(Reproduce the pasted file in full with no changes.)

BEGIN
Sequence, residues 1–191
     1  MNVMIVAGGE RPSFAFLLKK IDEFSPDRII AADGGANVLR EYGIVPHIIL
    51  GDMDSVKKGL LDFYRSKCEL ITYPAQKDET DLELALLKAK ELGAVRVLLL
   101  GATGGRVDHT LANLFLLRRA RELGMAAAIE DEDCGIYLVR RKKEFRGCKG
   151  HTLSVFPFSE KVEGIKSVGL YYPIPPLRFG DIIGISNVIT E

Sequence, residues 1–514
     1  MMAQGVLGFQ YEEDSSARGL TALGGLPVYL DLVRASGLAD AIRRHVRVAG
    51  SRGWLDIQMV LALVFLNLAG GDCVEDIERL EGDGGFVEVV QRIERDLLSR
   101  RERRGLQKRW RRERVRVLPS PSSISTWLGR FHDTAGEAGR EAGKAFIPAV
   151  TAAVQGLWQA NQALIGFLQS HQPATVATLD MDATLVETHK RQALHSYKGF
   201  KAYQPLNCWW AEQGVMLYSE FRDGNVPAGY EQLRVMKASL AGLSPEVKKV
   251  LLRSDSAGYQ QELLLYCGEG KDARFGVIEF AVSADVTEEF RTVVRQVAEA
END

Sequence, residues 1–191
     1  MNVMIVAGGE RPSFAFLLKK IDEFSPDRII AADGGANVLR EYGIVPHIIL
    51  GDMDSVKKGL LDFYRSKCEL ITYPAQKDET DLELALLKAK ELGAVRVLLL
   101  GATGGRVDHT LANLFLLRRA RELGMAAAIE DEDCGIYLVR RKKEFRGCKG
   151  HTLSVFPFSE KVEGIKSVGL YYPIPPLRFG DIIGISNVIT E

Sequence, residues 1–514
     1  MMAQGVLGFQ YEEDSSARGL TALGGLPVYL DLVRASGLAD AIRRHVRVAG
    51  SRGWLDIQMV LALVFLNLAG GDCVEDIERL EGDGGFVEVV QRIERDLLSR
   101  RERRGLQKRW RRERVRVLPS PSSISTWLGR FHDTAGEAGR EAGKAFIPAV
   151  TAAVQGLWQA NQALIGFLQS HQPATVATLD MDATLVETHK RQALHSYKGF
   201  KAYQPLNCWW AEQGVMLYSE FRDGNVPAGY EQLRVMKASL AGLSPEVKKV
   251  LLRSDSAGYQ QELLLYCGEG KDARFGVIEF AVSADVTEEF RTVVRQVAEA